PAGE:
In his statement to parliament to launch the strategy, the Secretary of State for Energy and Climate Change, Edward Davey, said:
The strategy policy paper says that DECC is making up to £3 million of funding available for new fuel poverty pilots to encourage innovation, with up to £1 million of funding avaialble immediately to scale up local 'warmth-on-prescription' projects. Another £2 million will support local fuel poverty innovation. The policy document states that "by the end of March we will invite stakeholders to come forward with their own ideas for the types of projects that can best pilot innovative approaches to tackling fuel poverty. Then, over the coming months we will invite bids to this fund".The new fuel poverty target for England sets an ambition that as many fuel poor homes as reasonably practicable achieve a Band C energy efficiency standard by 2030 and became law in December 2014.
Today’s strategy is our roadmap for meeting that target. It confirms the following interim objectives in the new fuel poverty strategy:
The new fuel poverty strategy also sets out a number of recent and new initiatives that are being taken forward. With almost a fifth of our housing stock in the private rented sector, and a third of the fuel poor living in rental accommodation, a new minimum energy efficiency standard for the private rented sector is in the process of being introduced. DECC are partnering with the NHS to focus on the links between health and fuel poverty. A major focus is on fuel poverty in non-gas homes, with new data, new working groups and our new central heating fund. DECC is also looking at data sources to better identify people in fuel poverty and new types of housing that appear to be badly affected such as park homes.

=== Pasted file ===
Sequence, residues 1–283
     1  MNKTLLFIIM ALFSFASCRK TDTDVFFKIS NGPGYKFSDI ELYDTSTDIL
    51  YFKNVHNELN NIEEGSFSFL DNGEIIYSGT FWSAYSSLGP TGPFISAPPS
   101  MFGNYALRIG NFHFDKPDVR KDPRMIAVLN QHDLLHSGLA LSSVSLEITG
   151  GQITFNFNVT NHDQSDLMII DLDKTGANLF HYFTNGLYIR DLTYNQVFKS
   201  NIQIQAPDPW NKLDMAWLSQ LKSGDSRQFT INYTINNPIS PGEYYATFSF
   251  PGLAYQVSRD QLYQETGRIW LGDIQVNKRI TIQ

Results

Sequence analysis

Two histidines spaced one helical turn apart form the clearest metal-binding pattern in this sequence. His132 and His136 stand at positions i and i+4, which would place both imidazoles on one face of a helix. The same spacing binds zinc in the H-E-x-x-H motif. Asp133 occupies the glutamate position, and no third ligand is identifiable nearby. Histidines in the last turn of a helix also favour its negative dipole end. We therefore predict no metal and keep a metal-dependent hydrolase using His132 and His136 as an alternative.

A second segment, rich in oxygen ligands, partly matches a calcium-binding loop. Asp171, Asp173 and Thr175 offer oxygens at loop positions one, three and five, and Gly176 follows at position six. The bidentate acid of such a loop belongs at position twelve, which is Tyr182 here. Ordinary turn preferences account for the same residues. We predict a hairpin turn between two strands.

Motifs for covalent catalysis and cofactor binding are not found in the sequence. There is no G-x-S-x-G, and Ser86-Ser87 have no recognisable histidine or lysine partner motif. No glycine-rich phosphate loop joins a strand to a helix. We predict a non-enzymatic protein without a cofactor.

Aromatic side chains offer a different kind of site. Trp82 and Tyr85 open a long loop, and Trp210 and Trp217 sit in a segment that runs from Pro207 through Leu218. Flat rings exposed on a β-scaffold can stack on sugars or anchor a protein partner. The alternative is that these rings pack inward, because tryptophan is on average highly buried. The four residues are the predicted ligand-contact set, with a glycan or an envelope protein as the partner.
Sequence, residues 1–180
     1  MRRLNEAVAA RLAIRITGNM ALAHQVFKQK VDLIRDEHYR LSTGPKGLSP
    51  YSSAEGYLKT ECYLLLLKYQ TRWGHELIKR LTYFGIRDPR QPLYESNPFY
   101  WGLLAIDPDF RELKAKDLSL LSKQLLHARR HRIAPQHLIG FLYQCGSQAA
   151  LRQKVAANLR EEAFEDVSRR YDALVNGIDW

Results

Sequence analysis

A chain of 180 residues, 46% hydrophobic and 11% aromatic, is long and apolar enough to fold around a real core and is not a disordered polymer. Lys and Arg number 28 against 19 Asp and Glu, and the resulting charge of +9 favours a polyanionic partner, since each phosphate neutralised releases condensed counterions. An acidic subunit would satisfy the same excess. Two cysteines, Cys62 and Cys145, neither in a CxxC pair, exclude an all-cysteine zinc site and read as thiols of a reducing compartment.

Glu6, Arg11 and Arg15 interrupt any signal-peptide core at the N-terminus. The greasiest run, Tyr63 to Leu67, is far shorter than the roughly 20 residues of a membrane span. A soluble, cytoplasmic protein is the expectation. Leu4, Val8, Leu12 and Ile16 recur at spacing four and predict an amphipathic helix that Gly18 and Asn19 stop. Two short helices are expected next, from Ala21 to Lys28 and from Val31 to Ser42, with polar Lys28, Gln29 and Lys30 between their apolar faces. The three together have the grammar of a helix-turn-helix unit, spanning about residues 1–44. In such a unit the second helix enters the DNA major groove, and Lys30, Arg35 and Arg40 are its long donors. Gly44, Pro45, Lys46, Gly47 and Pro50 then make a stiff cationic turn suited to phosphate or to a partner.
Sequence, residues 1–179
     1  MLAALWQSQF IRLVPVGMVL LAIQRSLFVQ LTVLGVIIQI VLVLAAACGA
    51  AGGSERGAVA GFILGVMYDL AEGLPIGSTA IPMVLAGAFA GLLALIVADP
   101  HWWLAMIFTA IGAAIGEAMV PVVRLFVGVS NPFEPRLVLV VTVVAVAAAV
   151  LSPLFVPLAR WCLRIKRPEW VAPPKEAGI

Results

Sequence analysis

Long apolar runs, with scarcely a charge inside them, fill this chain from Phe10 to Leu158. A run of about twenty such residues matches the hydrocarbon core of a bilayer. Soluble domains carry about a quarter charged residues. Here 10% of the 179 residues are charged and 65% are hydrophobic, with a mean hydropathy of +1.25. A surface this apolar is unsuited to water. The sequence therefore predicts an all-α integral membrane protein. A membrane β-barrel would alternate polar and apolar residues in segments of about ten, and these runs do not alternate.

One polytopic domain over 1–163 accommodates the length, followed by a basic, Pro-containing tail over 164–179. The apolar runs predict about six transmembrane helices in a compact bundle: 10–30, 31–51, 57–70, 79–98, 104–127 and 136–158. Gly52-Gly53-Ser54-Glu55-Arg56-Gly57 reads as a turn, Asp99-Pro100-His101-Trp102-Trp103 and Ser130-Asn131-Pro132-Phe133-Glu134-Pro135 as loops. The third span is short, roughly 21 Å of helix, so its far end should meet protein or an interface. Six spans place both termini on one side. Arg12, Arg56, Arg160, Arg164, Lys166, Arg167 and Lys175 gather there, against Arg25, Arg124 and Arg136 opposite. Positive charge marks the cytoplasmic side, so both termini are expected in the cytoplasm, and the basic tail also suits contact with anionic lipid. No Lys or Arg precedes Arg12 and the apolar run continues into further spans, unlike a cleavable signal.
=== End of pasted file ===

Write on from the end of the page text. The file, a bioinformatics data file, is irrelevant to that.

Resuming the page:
- as many fuel poor homes in England as is reasonably practicable to Band E by 2020
- as many fuel poor homes in England as is reasonably practicable to Band D by 2025
The strategy paper also says that, in March 2015, Government will publish data at Lower Super Output Area (LSOA) level detailing the proximity of those areas from a mains gas line. In addition, data on the Number of properties with a gas connection split by distance from the distribution network will be made available at postcode level under license to specific organisations. This will be utilised to produce mapping tools, available in spring 2015, which will then be developed to add layers from wider data sets, where possible, such as Indices of Multiple Deprivation (LSOA data); ECO Carbon Saving Communities Obligation and rural sub-obligation (LSOA data); penetration of energy efficiency measures; rural-urban classification; census data; main heating fuel; and benefits claimant counts.
The paper also confirms that the new £25 million Central Heating Fund, announced in the Autumn Statement will be launched in the coming weeks, specifically designed to support the installation of first time central heating systems in up to 8,000 homes in England.
DECC are also working with academics to allow them to "quantify the potential cost savings to health and social care services from delivering energy efficiency measures, including to those in fuel poverty with specific health conditions". This work is expected to be completed in spring 2015.
National Energy Action (NEA) have released a statement in response to the strategy, saying:
The new strategy policy paper is available to download from"Whilst we welcome the Government’s strategy to address the cost and suffering caused by cold homes in England, we clearly need the next Government to be more ambitious and halt this tragedy much quicker.
"The current schemes in England are insufficient in scale and yet can increase energy prices for those that don’t benefit. They also fail to take account of the enhanced needs of vulnerable consumers. As well as joining up action across different departments, adequate resources will be needed if we are to finally put an end to cold homes, related illnesses and premature winter deaths.
"The Treasury will make over £28bn from domestic energy consumers in the next 10 years and alongside the existing public infrastructure budget, there is more than enough funds to radically improve the energy efficiency of 2 million low income homes by 2020 and end the suffering caused by fuel poverty within 10 years. Current resources are less than 20% of what is required to meet this more ambitious target."
https://www.gov.uk/government/publicati ... eping-warm
DECC's response document to their consultation on the strategy has also been published and is available from: https://www.gov.uk/government/consultat ... or-england
To read Edward Davey's full statement, visit:
https://www.gov.uk/government/speeches/ ... or-england
A DECC press release is also available at:
https://www.gov.uk/government/news/a-st ... s-for-good
For NEA's response visit:
http://www.nea.org.uk/media/media-relea ... /030315-01